Connections Before Curriculum: The Role of Social Presence During COVID-19 Emergency Remote Learning for Students

Suzanne Ensmann, Aimee Whiteside, Lina Gomez-Vasquez, Ronda Sturgill


This study examined the student experience (n=507) during emergency remote learning at a medium-sized private southeastern university during the COVID-19 pandemic, leveraging the Social Presence Model (SPM) as a guiding framework. Tensions were high at this critical time as students were stressed with financial burdens, supply shortages, overlapping work and educational schedules, and shared technological resources and physical spaces. Therefore, this study helps educators better understand students’ emotional needs and experiences during the March 2020 lockdown transition to remote learning. Specifically, examining the student experience in a time of crisis offers critical lessons about the importance of connectedness, online readiness, cultivating relationships, adaptability during transitions, and class interaction. The data revealed the depth of anxiety felt by students and suggests the need for increased empathy, communication, interaction, and flexibility from their instructor and course community to proceed with academic coursework, particularly for first-year college students. The findings elevate the importance of social presence as a literacy for learning in any modality, underscore the need to support the mental health of our students, and stress the urgency for online and remote learning readiness for current and future public emergencies.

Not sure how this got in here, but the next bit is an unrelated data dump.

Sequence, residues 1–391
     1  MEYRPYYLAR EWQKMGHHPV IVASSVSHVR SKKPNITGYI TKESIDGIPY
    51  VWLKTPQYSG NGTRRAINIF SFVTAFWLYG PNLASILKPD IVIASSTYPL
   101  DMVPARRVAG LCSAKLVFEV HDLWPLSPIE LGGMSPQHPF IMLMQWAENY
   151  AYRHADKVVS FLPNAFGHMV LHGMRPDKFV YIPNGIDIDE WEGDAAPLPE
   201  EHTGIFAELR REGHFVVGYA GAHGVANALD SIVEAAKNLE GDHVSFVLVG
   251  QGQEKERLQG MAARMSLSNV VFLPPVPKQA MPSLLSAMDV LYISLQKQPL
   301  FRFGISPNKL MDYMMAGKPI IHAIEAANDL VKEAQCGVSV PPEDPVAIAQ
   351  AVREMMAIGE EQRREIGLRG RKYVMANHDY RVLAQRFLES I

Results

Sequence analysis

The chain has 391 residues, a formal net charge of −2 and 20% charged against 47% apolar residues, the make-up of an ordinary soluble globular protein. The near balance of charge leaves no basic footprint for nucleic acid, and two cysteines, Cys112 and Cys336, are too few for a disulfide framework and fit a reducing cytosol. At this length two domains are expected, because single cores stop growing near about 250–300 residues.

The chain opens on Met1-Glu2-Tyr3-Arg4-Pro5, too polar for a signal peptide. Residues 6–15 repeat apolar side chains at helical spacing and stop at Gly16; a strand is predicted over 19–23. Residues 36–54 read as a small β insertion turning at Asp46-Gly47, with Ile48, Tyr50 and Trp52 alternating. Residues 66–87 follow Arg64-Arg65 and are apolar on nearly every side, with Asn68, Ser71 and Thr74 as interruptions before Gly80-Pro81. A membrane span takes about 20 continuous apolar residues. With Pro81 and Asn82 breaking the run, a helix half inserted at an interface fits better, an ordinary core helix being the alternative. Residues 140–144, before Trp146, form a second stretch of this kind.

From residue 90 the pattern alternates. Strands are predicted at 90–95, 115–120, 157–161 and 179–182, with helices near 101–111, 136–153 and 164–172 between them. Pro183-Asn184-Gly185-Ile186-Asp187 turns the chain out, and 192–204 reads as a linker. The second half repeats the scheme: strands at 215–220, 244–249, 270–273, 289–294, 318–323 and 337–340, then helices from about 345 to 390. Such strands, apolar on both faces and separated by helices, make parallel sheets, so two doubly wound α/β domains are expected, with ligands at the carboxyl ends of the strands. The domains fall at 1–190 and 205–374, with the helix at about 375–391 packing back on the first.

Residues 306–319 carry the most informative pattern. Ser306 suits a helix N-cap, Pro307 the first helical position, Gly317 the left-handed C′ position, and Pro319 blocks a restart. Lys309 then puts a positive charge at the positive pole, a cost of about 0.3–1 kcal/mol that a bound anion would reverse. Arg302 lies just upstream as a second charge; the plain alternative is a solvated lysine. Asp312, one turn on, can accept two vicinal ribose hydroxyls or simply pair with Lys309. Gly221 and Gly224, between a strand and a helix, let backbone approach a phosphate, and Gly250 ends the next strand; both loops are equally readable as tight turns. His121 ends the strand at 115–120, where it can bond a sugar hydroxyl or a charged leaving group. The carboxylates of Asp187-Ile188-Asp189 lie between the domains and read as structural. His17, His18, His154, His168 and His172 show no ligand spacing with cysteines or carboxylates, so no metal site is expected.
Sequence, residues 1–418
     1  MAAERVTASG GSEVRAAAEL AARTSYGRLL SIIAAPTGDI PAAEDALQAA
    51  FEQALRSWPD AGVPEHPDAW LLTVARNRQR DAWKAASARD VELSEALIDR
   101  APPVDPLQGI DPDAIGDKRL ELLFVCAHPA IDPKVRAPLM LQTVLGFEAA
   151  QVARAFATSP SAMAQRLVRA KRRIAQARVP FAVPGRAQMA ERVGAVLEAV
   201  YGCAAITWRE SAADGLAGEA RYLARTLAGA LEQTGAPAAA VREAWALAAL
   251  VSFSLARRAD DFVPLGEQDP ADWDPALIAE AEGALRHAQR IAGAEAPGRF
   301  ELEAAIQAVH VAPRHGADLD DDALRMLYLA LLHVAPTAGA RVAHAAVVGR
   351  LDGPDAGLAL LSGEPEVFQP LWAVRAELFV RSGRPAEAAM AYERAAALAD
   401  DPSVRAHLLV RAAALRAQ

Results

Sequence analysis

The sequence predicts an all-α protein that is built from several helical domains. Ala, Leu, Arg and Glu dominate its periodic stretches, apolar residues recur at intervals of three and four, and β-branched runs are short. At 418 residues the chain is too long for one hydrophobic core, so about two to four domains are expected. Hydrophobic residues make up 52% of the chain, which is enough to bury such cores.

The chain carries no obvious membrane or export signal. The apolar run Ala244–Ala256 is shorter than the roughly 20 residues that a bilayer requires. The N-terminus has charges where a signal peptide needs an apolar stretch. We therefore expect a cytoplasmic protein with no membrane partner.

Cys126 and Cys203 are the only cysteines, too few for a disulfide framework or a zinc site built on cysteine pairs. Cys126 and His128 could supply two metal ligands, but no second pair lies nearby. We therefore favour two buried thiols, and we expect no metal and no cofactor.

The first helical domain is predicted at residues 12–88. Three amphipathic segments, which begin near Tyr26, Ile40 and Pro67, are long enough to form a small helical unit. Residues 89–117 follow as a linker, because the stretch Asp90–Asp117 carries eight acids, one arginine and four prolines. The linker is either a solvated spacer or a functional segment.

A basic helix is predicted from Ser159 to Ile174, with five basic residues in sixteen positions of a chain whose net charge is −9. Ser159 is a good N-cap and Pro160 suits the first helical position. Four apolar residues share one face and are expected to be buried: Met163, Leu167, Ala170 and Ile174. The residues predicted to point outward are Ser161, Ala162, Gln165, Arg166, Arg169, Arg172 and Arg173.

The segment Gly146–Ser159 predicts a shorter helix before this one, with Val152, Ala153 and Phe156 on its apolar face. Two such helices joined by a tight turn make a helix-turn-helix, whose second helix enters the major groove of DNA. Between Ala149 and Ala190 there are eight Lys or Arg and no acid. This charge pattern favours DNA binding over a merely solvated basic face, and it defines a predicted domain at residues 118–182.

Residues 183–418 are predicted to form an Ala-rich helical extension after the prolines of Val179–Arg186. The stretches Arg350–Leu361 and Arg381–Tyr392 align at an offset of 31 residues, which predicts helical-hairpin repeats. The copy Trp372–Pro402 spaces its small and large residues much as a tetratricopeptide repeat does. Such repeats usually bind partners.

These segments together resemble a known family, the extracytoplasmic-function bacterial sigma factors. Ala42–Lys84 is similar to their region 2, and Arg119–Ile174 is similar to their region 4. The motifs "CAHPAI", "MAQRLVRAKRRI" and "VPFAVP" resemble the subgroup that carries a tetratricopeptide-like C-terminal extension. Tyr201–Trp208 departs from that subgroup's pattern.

social presence, connectedness, COVID-19, online learning, remote learning, online readiness

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